[-empyre-] Welcome to Week 2 on -empyre: GAMES AND REPRESENTATION

Murat Nemet-Nejat muratnn at gmail.com
Thu Apr 16 06:52:48 AEST 2015

"... when our culture discusses videogames, it mentions corporations,
blockbusters, and a hyper-masculinized “gaming” culture. rarely does the
idea of the small, authored, self-published game get much air in our
discussion of art, even though it’s these games that are the most important
to games’ relevance to a broader range of human experience. nothing is more
harmful to an art form than a monolithic perspective or the restriction of
the means of creation to a privileged few."

The above quote from Isabelle's post parallels the idea I expressed in my
own that the tensions that exist in the game community (relating to gender
or otherwise) exists in a capitalist economy in general where numbers play
a crucial part: between mainstream and indie or popular literature and
poetry, etc. My world is a community of poets where a sale of 300 copies of
a poetry book is considered a reasonable success (whether written by a
woman or a man) and sales reaching over 2,000 would be considered a
smashing hit.

Shira, thank you again for your lucid response. I was struck by what seems
to be a statistical contradiction in your account. You assert that about
50% of players of digital games are women. At the same time, the majority
of users of AAA consuls are men. Does that mean that women tend to use
mobile devices to play games? If that is partially so, then the
contradiction has a temporal dimension, mobile devices (iphones, etc.)
being a more contemporary use of digital access than consuls or desktops.
In that case, the discrepancy may reflect the social evolution on gender
and sexual identity issues. It is a hopeful sign, a sign of progress. This
doesn't mean that the misogynistic culture that seems to be around AAA
games will vanish, only that its existence will become less dominant unless
it changes itself, more with a touch of the archaic.

Isabelle's entire post shows, at least to me, that vital critical work is
being created by women digital artists in our time. That mainstream forces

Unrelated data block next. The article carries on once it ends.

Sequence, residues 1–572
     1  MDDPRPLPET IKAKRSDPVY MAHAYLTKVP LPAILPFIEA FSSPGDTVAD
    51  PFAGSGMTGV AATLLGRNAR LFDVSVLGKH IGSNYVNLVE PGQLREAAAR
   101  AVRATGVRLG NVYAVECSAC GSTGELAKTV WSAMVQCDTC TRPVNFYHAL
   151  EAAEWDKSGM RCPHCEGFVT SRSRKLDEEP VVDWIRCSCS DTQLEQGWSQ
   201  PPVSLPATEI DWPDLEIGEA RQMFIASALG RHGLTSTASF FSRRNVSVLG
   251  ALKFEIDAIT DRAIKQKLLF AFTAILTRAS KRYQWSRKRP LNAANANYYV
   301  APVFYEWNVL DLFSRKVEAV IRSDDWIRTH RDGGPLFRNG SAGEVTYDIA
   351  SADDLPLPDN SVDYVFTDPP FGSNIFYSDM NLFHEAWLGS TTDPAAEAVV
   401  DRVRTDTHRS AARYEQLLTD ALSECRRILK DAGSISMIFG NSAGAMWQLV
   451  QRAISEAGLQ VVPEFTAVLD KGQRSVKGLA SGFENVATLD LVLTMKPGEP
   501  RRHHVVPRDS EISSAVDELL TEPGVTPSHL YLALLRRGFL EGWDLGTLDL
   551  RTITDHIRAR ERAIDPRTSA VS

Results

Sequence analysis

(such as in France) will try to ignore or restrict the propagation of its
messages goes without saying. But that is the lot of every radical or
confrontational art. Its lucky practitioners must accept it.


On Wed, Apr 15, 2015 at 3:06 PM, Soraya Murray <semurray at ucsc.edu> wrote:

> ----------empyre- soft-skinned space----------------------
> Dear All,
> I would like to heartily thank Brenda Laurel, Shira Chess, Stacey Mason,
> Sarah Schoemann, TreaAndrea Russworm and Jen Malkowski for their thoughtful
> and compelling contributions to this week's discussion on Games and
> Representation. We could surely have dedicated an entire month to this
> conversation. Thanks, too, to all the empyreans who joined in. I'm excited
> by the rich opportunities and avenues of inquiry that largely remain
> undiscovered in the study of games. There is a great deal of work to be
> done in this relatively new area, and I am particularly heartened by the
> ways in which a new generation of players, makers, critics and scholars are
> taking this burgeoning medium into their own hands in new and exciting ways.
> In a separate post, I will begin this week's conversation, generally
> grouped around the subject of the Internet and Representation.
> With appreciation,
> Soraya
> ___________________________
> Soraya Murray, Ph.D.
> Assistant Professor
> Film + Digital Media Department
> University of California, Santa Cruz
> _______________________________________________
> empyre forum
> empyre at lists.artdesign.unsw.edu.au
> http://empyre.library.cornell.edu
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